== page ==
June 12, 2009
I am writing you about the proposed rule that would require all investment advisers who have custody of clients funds or securities, SOLELY because of their authority to withdraw fees from clients custodial accounts, to undergo the surprise examination, regardless of whether the qualified custodian provides statements directly to clients.
Like many other fee-only Registered Investment Advisor, we use third party custodian to custody clients assets and we conduct out business under a Limited Power of Attorney which gives us permission to make trades in their accounts and to have fees deducted from those accounts. Our clients are provided with monthly statements, along with being able to access their accounts on line, therefore they have frequent opportunities to review positions and history in their respective accounts. We send our invoices five days before deducting the fees thus giving them a chance to review billing calculations before fees are deducted.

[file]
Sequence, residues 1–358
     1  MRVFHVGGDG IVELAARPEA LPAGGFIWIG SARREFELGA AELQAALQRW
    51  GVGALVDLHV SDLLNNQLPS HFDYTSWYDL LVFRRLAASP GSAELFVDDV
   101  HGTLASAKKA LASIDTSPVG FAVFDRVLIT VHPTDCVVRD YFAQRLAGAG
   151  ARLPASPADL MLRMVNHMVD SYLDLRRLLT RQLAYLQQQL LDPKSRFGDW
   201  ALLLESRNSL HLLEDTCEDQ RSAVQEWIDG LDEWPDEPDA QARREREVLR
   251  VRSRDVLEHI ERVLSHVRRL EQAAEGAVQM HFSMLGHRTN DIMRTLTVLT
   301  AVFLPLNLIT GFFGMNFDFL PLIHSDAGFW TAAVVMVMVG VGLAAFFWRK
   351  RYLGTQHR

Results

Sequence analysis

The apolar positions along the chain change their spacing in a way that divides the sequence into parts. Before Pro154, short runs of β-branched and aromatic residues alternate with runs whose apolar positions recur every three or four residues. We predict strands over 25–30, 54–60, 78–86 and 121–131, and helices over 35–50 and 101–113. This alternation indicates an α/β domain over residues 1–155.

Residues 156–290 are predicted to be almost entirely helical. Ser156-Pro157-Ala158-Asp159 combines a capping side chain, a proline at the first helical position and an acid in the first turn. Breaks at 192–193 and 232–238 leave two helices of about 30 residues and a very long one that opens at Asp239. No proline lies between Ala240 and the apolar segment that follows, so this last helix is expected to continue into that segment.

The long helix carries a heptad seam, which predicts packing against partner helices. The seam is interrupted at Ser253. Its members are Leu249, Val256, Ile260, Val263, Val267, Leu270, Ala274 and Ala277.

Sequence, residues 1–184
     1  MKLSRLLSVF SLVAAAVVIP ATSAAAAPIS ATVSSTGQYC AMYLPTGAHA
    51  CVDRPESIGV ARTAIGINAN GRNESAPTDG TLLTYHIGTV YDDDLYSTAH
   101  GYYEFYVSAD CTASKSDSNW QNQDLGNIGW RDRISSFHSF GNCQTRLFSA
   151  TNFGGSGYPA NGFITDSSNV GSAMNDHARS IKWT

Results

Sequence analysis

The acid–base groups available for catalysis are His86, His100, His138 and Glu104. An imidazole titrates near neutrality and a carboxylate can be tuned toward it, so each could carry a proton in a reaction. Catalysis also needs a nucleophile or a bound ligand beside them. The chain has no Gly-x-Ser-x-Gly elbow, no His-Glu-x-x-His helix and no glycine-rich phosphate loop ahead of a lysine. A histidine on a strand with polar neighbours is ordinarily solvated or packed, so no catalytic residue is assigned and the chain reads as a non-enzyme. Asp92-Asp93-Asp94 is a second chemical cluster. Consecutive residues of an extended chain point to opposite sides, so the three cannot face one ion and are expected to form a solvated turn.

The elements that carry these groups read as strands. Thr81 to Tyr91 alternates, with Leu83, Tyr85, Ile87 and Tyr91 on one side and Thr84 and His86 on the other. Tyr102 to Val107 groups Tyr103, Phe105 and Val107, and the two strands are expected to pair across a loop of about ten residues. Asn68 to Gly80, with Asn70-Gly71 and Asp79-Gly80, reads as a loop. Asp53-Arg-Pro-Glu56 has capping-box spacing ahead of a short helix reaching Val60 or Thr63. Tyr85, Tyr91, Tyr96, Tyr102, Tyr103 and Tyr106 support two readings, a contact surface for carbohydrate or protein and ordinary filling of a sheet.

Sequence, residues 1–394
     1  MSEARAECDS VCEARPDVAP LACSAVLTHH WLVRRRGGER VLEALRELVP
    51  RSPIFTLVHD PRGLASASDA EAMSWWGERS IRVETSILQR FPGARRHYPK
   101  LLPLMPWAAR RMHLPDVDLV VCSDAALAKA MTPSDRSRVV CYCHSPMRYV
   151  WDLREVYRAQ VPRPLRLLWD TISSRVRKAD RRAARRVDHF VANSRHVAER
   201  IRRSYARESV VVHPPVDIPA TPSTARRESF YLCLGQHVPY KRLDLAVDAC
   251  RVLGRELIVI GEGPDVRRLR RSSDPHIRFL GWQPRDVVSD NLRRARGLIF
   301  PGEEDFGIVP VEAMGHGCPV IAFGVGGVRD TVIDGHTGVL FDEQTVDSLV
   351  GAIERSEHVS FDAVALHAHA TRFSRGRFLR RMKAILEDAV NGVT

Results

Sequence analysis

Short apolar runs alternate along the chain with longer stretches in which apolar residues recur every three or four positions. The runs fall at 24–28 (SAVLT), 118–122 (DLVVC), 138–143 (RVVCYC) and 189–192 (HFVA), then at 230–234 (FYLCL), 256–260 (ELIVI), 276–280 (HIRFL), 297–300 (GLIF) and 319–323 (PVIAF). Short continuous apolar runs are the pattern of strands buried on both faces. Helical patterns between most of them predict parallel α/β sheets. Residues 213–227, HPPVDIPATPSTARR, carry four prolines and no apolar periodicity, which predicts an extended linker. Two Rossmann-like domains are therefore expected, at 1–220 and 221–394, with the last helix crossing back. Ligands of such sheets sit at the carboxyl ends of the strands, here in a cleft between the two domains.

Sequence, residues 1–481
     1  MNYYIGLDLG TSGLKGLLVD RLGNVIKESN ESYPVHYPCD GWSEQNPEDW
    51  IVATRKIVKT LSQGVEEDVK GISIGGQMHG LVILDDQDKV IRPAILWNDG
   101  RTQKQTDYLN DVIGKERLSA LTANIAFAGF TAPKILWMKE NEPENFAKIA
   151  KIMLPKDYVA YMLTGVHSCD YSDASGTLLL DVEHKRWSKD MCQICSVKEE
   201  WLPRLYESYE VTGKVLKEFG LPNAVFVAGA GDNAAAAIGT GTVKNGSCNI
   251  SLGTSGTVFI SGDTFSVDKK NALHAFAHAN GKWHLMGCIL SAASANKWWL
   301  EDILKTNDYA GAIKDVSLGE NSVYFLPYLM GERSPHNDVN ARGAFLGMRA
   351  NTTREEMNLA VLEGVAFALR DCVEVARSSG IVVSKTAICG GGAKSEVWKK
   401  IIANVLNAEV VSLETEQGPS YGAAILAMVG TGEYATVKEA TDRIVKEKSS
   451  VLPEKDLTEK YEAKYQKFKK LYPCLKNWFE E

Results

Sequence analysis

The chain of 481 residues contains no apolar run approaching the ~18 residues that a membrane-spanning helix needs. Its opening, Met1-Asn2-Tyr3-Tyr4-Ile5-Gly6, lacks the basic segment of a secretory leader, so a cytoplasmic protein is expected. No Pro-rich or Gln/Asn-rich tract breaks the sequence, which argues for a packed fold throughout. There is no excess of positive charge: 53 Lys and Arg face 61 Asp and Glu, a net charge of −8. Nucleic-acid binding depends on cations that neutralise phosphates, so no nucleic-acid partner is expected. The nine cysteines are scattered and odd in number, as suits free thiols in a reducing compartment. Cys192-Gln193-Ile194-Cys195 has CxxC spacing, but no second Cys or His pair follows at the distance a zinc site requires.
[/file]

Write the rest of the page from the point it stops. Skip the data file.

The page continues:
Considering extreme cost of an independent audit, in addition to disruption of our services for something that has no potential for misappropriation of clients assets, it appears to be waste of resources.
My firm, Rowling, Dold Associates LLP, and I respectfully request that you withdraw the proposed rule requiring surprise audits for firms solely because of their ability to withdraw fees from client accounts.
Thank you for your consideration.